Tip #1: Pack face wipes in your dance bag so that you can remove your pore-clogging foundation before class, without smudging your eye makeup. Click here to read the rest of face-saving tips!
DS health and nutrition expert Caroline Lewis-Jones brings you tips for eating well during the winter months.
The weather is freezing each night when you drive home from rehearsal, so you’re probably craving warm, wintery foods before you go to bed. But instead of high-calorie, fat-filled comfort foods, try these healthier versions that will bring the same satisfaction.
Try: Vegetarian chili with beans and corn.
Beans are an excellent source of fiber and complex carbohydrates. If you want to add a meat protein, try some chopped rotisserie chicken or ground turkey breast, which have less saturated fat than beef. Use a scoop of plain low-fat Greek yogurt in place of sour cream, and add avocado for a healthy fat rather than cheese.
Instead of: A baked potato with butter, cheese and sour cream
Try: A baked potato with marinara sauce and steamed veggies on top
Marinara sauce is loaded with lycopene (which lowers your risk for cancer), and steamed veggies are a great source of antioxidants.
Try: Vegetable, miso or black bean soup
Broth-based soups are lower in calories and saturated fat than creamy soups.
Instead of: Cheesecake, pie or brownies
Try: A low-fat, low-calorie ice cream treat if you’re craving something chocolaty. (Skinny Cow ice cream cones or soy ice cream with fresh or frozen berries on top are both good options.) Or just don’t eat the crust.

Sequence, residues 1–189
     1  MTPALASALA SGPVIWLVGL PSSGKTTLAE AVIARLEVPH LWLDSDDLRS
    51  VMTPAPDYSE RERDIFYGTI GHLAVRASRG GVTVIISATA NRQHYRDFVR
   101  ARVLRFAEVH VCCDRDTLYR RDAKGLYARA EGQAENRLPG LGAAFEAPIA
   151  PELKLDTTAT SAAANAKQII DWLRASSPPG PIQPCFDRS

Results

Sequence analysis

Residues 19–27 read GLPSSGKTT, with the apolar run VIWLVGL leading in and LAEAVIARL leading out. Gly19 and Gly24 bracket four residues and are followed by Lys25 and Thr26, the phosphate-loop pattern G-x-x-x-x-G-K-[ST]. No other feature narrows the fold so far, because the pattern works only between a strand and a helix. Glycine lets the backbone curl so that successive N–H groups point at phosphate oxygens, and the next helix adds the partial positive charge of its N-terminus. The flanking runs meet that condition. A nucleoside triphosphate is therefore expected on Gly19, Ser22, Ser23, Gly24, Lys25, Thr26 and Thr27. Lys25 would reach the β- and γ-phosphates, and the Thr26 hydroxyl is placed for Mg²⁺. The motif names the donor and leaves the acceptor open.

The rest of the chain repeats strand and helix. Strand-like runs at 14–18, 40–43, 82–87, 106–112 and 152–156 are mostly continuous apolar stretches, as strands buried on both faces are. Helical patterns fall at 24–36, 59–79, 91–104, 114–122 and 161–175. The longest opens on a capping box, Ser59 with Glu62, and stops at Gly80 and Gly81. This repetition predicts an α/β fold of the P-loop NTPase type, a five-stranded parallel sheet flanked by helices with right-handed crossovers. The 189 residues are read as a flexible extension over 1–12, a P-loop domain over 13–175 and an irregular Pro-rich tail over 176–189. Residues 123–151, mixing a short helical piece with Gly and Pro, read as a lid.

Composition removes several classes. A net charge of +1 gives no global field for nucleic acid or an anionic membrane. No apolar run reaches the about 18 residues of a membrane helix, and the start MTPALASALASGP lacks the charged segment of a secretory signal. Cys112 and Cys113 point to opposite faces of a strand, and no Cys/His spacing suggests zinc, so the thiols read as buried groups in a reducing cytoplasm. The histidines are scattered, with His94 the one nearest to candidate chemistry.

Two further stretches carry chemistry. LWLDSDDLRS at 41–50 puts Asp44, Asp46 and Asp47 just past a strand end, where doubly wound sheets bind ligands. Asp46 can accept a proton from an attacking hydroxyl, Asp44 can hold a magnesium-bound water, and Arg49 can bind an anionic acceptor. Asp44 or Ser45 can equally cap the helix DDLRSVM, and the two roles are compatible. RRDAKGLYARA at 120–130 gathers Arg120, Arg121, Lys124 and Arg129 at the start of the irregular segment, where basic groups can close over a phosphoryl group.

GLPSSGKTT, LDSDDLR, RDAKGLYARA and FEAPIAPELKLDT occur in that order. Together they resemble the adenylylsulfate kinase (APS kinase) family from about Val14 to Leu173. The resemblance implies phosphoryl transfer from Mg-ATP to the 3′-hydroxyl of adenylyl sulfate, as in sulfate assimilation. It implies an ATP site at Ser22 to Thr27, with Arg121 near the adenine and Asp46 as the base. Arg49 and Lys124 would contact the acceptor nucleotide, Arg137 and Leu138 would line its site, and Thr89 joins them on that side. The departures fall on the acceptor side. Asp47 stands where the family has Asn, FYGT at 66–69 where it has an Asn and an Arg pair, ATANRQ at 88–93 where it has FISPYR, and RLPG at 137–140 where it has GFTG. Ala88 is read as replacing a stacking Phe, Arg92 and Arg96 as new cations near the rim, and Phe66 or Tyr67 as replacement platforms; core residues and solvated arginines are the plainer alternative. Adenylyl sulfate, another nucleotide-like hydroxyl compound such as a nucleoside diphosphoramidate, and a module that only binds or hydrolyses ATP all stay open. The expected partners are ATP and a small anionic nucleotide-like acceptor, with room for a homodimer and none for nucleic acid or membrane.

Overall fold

Try: Homemade mac and cheese with low-fat cheese, almond milk and an egg substitute like flax or chia seeds mixed with water. (For the equivalent of 2 eggs, boil 6 tablespoons water and 2 tablespoons flax or chia seeds. Stir a few times and let simmer.
Instead of: Pumpkin bread
Try: A piece of whole-grain bread, like
Ezekiel Bread by Food For Life, with pumpkin or apple butter on top.
Pumpkin bread can be full of sugar—you want bread that’s high in fiber and made from sprouted grains.
Try: Steamed veggies or a baked sweet potato
Any time a food is fried, it’s loaded with calories and saturated and trans fats.
Words to avoid:
crispy, fried, panko-crusted, creamy,
mayonnaise, gravy, buttered, pan-fried
Words to look for:
steamed, poached, grilled, sautéed, roasted, baked, broth-based
Caroline Says: Here are some of the most nutritious (and in-season) foods to eat this winter: pomegranates, apples, Brussels sprouts,
kiwifruits, leeks, oranges, beets and kale. Try my recipe for baked kale chips—they’re delicious and healthy!
Prep Time: 10 minutes
Cooking Time: 20 minutes
• 1 to 2 bunches of kale
(a pre-cut bag from the grocery store works, too)
• 1 tablespoon extra virgin olive oil
• sea salt and pepper to taste